‘To do’ and ‘To be’ are two of the most commonly used verb forms in the English language. Does is the singular form of ‘Do’, and ‘Is’ is the third person singular form of the ‘be’ verb form. However, many second language users misuse these two words. In this article, we are going to explain the difference between does and is through describing the instances where they should be used.
Does – Meaning and Usage
Does is an action verb (Action verb is a verb that describes actions and things taking place) that comes from the verb do. It is the singular form of simple present tense of Do.
“She does all the work in the house.”
“He does it perfectly.”
It is also used in forming interrogatives. When you are making a question from a sentence that contains an action verb, you have to use ‘Does’ at the beginning of the question. For example, take the statement, “He goes to school.” To make a question from this statement, you have to place ‘does’ at the beginning and then repeat the sentence. Remember to make the original verb (‘goes’ in this example) single.
“He goes to school.” – “Does he go to school?”
“He sleeps in the class.” – “Does he sleep in the class?”
Similarly, ‘does’ is also used in negations. Here you have to place does and not (does not/doesn’t) before the verb.
“He likes her.” – “He does not like her.”
“He wants to go abroad.” – “He does not want to go abroad.”
‘Does’ is also used for the purpose of emphasis. For instance, consider the example, “he does like her.” Here, ‘does’ do not change the meaning; it is mainly used to emphasize the fact that he likes her.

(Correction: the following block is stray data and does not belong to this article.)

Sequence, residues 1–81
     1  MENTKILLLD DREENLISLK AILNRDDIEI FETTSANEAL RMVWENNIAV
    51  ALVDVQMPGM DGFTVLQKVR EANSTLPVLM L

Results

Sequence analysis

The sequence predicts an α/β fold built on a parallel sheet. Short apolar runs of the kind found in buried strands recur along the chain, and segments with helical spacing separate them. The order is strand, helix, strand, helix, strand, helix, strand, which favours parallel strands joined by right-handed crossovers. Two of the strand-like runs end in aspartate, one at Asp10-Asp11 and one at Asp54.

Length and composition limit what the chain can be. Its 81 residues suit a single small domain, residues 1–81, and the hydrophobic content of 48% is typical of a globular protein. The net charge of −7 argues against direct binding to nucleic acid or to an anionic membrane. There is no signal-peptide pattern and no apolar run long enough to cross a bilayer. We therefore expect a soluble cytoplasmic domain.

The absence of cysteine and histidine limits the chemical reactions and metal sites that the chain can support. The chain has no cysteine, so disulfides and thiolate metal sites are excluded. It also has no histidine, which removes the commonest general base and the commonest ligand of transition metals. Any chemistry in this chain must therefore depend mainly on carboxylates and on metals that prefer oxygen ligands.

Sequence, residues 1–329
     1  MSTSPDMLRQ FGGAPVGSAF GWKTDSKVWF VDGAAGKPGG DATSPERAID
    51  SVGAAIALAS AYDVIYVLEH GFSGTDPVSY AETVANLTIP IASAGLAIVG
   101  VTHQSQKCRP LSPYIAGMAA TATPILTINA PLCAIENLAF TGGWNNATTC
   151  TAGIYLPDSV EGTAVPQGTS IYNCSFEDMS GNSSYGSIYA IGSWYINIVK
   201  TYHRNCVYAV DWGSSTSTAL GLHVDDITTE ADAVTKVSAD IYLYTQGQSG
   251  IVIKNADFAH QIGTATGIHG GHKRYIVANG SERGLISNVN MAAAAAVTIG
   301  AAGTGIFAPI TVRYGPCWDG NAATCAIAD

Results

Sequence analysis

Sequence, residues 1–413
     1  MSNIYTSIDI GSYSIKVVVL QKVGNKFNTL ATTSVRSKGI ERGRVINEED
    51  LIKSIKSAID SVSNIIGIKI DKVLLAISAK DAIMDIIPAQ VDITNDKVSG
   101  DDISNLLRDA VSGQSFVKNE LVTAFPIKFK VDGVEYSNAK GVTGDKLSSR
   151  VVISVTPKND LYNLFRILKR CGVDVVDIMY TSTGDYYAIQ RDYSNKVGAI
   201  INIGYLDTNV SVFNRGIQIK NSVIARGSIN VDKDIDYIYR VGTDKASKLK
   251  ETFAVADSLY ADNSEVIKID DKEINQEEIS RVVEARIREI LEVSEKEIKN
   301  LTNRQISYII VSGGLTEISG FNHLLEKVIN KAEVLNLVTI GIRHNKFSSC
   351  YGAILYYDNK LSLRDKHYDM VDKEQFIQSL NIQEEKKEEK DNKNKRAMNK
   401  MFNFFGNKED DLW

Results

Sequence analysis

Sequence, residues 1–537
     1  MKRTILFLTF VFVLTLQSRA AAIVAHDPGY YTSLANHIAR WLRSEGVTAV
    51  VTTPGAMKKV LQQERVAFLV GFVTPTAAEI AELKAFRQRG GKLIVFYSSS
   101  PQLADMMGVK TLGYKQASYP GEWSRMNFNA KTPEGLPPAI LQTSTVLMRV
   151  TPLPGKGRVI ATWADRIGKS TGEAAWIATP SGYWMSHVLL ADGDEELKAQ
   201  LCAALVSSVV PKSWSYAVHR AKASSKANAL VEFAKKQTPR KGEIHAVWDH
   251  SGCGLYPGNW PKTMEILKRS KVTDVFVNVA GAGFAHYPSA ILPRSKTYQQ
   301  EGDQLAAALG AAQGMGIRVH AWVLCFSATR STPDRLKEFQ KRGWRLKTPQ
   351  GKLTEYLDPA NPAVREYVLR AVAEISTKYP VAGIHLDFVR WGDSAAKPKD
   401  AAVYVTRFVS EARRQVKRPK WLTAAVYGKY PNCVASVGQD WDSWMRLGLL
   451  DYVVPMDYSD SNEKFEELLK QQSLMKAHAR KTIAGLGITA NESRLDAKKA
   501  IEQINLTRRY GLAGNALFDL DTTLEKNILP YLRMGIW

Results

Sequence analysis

- “She does hard work.” – Affirmative
- “She does not work hard.”– Negation
- “Does she work hard?”– Interrogative
- “She does work hard.”– Emphasis
Is – Meaning and Usage
‘Is’ is a verb that is used as a third person singular form in present indicative tense of ‘to be’. It is a stative verb (express a state rather than an action. They usually relate to thoughts, emotions, relationships, senses, states of being and measurements.) and is mostly used to describe things.
- ‘Is’ is used to indicate role or position that one has at work, family, or other organization.
“He is the only child in the family.”
“She is an advocate.”
- It is also used with adjectives to describe the subject.
“He is handsome.”
“She is an intelligent woman.”
- It is also to indicate a location
“He is at school.”
“She is in the garden.”
- It is used as an auxiliary verb in present continuous tense.
“He is standing in the rain.”
“She is eating an apple.”
- ‘Is’ is used in passive voice construction. To form a sentence (a third person singular) in the passive voice, you have to use ‘is’ with the past participle.
“He teaches English.” – “English is taught by him.”
“Everybody loves Alex.” – “Alex is loved by everybody.”
Difference between Is and Does
Is: often used as a stative verb.
Does: often used as an action verb.
Is: often used to describe a person, object, or a location.
Does: often used to describe an action.
Is: Used to form the third person, singular form in simple present passive sentences.
Does: Not used in passive formations.
Is: only used in forming the negation of sentences that contain the ‘be’ verb.
Does: used in forming the negation of sentences that contain action verbs.
Is: only used to form interrogatives from sentences that contain the ‘be’ verb.
Does: used to form interrogatives from sentences that contain action verbs.
Is: used as an auxiliary verb in the formation of present continuous tense.
Does: not used as an auxiliary in progressive forms.